Angelripper: Yes, that’s very important. When we start writing new material, we are blind to the scene – we don’t care what the other bands do. We are aware of what Kreator and Destruction sound like with their new albums, but I never think about it. It is important to keep the Sodom sound solid, which you will realize on the new album that the bass guitar is a little bit louder than on the older releases. We have to write new songs but we have to keep up the spirit, we don’t want the Sodom fans to be disappointed. On In War and Pieces, some of the fans thought certain songs sounded like a metalcore band – and I can’t agree with them on that. But we do listen to the fans, and we want to record material in the Sodom way.

Dead Rhetoric: Why did the recent lineup change occur in 2011 with Markus ‘Makka’ Freiwald (previously in Despair/ Voodoo Cult) replacing long time drummer Konrad ‘Bobby’ Schottkowski? Did you hold auditions or did you have a pretty good idea who would fit into the Sodom sound?

Angelripper: I can’t tell you why Bobby left the band because there were so many private problems between us. We cancelled a lot of shows because he left the band two months after the release of the In War and Pieces album, so we had to find a new drummer quickly. I have known Makka since the end of the 1980’s, Makka hadn’t played in a real band over the last 10 years, only as a session drummer in the studio, plus he played with Kreator once as a live drummer. Now he has the chance to be with us, being on tour, writing songs – he’s a wonderful drummer. I know there are a lot of other drummers who are interested in playing within Sodom, but he’s the best one, you know. We are friends as well, there are no problems. I hope I can keep this lineup as long as possible; I don’t like to make changes within the band. Bernemann is a solid guitarist and he has been with Sodom now for over 15 years, Bobby was in the band for 15 years as well.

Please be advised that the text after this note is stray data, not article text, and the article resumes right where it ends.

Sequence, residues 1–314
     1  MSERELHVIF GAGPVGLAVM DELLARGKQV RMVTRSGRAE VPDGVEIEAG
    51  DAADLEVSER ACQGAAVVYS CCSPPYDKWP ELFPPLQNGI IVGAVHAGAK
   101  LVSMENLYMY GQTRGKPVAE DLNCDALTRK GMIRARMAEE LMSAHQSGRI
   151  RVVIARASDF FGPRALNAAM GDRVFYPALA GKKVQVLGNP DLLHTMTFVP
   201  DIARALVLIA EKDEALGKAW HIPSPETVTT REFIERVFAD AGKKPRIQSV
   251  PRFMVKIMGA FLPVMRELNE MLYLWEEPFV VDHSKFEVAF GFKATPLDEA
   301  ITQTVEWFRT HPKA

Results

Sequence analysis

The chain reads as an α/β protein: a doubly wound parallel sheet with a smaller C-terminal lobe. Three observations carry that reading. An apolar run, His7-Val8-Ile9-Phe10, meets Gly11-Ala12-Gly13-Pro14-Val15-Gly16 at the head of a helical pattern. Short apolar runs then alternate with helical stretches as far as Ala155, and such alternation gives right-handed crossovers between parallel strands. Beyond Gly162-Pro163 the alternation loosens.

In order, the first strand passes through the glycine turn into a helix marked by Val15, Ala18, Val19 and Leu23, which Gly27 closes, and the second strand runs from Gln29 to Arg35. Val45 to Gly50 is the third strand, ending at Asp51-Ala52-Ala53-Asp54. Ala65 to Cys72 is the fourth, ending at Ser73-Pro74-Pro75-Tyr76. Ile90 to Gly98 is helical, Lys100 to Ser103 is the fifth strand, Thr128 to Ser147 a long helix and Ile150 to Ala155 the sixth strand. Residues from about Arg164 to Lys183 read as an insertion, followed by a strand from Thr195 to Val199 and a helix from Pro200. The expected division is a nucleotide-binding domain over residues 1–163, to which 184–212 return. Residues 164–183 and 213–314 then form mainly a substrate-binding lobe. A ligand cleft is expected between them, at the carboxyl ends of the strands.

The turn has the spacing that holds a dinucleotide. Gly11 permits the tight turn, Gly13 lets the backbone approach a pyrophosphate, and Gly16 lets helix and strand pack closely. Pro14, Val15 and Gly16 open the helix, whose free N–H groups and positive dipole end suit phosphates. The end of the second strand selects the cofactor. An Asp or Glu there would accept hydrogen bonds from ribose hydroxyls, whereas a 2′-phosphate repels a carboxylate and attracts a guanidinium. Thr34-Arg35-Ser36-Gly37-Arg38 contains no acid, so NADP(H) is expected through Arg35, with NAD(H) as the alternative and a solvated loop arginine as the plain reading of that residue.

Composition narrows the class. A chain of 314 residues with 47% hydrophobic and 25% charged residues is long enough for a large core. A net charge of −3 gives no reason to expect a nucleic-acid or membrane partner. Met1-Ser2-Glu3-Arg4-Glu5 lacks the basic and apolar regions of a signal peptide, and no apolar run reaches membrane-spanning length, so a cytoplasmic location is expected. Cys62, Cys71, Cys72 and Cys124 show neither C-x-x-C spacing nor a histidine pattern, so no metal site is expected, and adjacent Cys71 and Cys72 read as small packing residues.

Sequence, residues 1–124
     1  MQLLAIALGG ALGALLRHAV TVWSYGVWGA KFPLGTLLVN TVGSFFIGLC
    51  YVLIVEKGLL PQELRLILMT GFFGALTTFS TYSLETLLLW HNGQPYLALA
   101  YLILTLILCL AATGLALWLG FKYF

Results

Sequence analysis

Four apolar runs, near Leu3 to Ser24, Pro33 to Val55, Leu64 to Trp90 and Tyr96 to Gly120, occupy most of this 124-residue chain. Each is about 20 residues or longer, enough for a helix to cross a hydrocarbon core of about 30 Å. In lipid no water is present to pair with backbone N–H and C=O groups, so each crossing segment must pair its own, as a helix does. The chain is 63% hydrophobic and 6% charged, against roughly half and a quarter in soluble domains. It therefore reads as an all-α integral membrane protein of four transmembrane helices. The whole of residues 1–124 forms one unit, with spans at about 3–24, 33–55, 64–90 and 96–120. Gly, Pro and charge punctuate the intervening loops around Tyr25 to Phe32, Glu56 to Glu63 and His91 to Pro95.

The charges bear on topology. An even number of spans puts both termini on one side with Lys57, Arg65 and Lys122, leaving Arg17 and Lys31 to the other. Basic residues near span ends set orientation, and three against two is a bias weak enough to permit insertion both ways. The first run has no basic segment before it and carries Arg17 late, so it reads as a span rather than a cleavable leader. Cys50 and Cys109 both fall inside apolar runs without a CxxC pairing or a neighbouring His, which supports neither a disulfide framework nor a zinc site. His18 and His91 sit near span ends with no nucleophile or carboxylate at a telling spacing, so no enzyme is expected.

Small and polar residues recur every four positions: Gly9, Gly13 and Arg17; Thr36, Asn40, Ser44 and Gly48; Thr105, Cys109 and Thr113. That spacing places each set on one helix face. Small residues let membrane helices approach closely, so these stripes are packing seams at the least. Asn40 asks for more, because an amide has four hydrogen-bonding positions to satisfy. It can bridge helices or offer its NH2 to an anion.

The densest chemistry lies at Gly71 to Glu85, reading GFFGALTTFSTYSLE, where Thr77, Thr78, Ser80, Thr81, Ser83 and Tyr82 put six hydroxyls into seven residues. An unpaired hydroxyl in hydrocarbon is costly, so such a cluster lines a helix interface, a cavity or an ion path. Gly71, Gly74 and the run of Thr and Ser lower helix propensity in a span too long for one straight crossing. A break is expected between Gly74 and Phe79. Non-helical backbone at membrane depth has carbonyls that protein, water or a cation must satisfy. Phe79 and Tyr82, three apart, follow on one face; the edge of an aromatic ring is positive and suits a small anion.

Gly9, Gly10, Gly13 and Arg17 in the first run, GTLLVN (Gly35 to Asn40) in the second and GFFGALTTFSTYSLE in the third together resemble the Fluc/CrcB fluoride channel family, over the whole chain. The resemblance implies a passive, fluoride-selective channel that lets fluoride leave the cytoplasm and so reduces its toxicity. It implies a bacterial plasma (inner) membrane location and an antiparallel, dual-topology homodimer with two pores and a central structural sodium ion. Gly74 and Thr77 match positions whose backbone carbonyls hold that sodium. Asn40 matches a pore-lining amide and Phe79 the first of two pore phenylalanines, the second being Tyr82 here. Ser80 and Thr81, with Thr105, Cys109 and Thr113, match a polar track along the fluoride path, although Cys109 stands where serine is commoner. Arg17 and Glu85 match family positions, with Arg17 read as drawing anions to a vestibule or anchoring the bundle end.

Dead Rhetoric: You’ve always maintained a defined lyrical base with a lot of military/ war based themes- and songs like “Shoot Today, Kill Tomorrow,” “My Final Bullet,” and “Into the Skies of War” are no exception this time. What makes these types of topics perfect for your style of thrash- and how much research goes into this work?

Angelripper: When I look at the television news or read the latest newspapers I can see that there is a lot of war going on all over the world. North Korea or Syria nowadays seem to be featured a lot these days. I’ve always cared about this, the effects war has on the situation we live in. I think a thrash band and myself as a thrash singer has to write and sing about these things. I can’t change anything, I wake up in the light and I start writing lyrics and ideas.